Here, we suggest using checklist of 10 steps that comprise a procedure for gathering requirements. This may seem like a lot of steps, perhaps suitable only for a large, mature project. Actually, projects of all sizes and all levels of maturity will need to address these steps! When requirements collection approach is not effective, the stage is set for trashing technical effort during follow-on project activities, creating the need for rework and jeopardising the success of the project.
You can’t do everything, at least not at one time. Dust off your requirements plan. Develop reasonable approaches to deploy, implement, and institutionalise those best practices you consider appropriate for your project at your Job Site over a reasonable period of time. Collaborate with Site Visit Executive to prioritise the value of the best practices you decide to implement.
Write an action plan that will enable Site Visit Executive to implement them on Enterprise-wide scale. For each best practice, define actions and schedule required to implement it. Do this in collaboration with your Site Executive and contacts with Troops in the field. Gain their buy-in and support for the best practices you selected for your work week.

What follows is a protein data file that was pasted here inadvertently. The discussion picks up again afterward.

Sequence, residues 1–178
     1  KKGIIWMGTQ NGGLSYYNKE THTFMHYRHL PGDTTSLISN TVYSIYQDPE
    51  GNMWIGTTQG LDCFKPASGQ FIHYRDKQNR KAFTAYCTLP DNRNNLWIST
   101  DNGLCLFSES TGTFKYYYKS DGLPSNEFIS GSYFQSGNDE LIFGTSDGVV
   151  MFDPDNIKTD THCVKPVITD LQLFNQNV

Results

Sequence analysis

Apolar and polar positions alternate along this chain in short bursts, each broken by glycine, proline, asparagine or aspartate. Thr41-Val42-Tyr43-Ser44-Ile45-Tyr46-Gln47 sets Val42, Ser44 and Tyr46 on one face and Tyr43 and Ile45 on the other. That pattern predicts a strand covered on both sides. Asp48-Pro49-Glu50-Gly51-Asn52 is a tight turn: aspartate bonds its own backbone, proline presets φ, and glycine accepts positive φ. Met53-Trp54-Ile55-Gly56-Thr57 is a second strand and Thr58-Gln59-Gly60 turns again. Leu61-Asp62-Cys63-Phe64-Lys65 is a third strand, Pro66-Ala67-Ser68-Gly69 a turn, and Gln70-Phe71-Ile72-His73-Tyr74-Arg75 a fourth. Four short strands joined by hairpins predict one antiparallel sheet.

Communicate what you are doing by holding meetings during lunch in the Mess Hall. The main thing is to ensure you are moving together in concert with requirements of the Troops, not to have the largest number of best practices. Remember, commitment is the main ingredient to achieve anything of value.
We also provide for discussion of additional skills and information useful to dispatchers. It’s likely that you won’t need the information concerning all of these topics either immediately or at any one particular time. It’s also likely that you will need to know about most of these areas at some point in your work. You might consider trying out new techniques if your project is not currently applying them.